On November 3, 1979, members of the Communist Workers Party were holding a Death to the Klan rally in Greensboro, North Carolina. Suddenly a caravan rounded the corner, scattering the protesters. Klansmen and Nazis emerged from the cars, unloaded an arsenal of guns and began firing. Five people were killed in what became known as the Greensboro Massacre. Greensboro: Closer to the Truth reconnects 25 years later with the players in this tragedy—widowed and wounded survivors, along with their attackers—and chronicles how their lives have evolved in the long aftermath of the killings. All converge when the first Truth and Reconciliation Commission ever held in the United States is convened in Greensboro from 2004-2006 to investigate the Massacre. As the Commission struggles to uncover what actually happened and why, the participants confront the truth of their past, and struggle with the possibility of hope and redemption.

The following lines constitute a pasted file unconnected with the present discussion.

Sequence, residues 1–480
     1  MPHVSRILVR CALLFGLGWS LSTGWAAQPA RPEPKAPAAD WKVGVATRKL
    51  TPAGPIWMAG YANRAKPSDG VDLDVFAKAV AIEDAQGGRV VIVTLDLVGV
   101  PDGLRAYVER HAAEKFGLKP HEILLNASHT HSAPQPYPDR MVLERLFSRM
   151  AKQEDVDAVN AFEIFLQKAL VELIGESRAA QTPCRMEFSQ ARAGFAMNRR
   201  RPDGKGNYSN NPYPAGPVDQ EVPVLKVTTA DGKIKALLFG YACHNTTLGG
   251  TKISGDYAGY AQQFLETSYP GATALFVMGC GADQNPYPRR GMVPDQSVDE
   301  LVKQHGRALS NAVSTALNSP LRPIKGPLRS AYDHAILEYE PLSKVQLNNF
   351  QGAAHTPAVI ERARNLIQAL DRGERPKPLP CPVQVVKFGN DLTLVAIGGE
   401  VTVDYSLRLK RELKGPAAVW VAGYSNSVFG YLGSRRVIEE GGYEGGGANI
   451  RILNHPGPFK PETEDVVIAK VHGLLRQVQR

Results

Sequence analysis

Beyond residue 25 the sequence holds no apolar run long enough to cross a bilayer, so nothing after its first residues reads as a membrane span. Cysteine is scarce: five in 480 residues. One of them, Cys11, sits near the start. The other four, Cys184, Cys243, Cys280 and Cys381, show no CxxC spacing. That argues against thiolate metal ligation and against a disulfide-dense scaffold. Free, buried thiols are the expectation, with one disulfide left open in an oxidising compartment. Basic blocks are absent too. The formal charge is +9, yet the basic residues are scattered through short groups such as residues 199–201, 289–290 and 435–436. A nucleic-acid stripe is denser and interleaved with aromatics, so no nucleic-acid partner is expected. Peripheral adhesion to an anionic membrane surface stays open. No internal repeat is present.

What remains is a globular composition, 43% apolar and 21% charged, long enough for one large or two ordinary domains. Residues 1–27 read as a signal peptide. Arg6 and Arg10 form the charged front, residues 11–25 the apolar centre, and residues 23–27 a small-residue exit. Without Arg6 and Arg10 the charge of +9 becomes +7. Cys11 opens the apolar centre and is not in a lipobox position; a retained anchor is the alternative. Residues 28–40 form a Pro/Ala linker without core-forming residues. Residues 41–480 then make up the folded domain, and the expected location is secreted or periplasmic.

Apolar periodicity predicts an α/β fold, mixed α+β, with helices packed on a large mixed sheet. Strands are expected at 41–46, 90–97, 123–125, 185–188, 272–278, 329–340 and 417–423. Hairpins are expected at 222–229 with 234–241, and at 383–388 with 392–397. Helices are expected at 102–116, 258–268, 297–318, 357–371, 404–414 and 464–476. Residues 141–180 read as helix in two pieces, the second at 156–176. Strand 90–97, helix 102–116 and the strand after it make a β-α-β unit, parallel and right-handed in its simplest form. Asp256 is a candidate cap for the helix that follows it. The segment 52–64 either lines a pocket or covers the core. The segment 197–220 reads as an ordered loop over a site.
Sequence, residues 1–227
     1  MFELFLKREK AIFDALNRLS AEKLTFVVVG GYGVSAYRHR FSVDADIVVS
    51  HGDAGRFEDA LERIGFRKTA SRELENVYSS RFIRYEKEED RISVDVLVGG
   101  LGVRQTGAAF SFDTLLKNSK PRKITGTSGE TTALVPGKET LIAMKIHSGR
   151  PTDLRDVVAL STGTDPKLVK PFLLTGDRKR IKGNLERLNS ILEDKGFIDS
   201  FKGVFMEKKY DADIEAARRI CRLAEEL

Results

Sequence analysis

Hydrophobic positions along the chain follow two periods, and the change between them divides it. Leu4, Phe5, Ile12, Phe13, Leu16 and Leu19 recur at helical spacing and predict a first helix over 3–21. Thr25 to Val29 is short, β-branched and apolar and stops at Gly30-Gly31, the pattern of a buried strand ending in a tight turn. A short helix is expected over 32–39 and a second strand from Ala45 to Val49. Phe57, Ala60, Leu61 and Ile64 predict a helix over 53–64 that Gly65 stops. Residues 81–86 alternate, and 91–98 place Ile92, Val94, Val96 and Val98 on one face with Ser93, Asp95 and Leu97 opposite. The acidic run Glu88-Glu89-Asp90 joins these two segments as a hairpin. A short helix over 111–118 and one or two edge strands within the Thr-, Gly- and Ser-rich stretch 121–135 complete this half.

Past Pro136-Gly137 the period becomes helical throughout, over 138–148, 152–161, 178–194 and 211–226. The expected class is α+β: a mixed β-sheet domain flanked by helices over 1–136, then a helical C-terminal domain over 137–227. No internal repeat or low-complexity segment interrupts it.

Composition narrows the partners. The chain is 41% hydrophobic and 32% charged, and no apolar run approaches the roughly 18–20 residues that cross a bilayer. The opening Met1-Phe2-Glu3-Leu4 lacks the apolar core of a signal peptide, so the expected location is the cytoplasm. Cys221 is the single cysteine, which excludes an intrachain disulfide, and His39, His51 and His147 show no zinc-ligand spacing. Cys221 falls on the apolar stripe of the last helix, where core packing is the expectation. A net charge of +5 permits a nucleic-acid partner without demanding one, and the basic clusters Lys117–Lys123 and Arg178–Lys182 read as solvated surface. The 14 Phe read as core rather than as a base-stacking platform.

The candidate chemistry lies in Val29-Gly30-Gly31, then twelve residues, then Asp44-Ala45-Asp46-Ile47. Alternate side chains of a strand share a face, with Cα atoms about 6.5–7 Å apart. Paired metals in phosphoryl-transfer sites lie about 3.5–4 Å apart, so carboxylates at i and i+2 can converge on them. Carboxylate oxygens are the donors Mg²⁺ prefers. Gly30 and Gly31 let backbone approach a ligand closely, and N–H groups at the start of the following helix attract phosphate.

Witness the story of four young men who stood up to racism and social injustice by taking a seat. This is the story of the Greensboro Four.
On February 1, 1960, four college students changed American history. Ezell Blair, Jr., David Richmond, Franklin McCain and Joseph McNeil began a sit-in at a white only lunch counter in Greensboro. This act of bravery is noted as one of the vital moments in the American Civil Rights Movement. Offering a portrait of how four young men whose courage at led other non-violent protests through the '60s.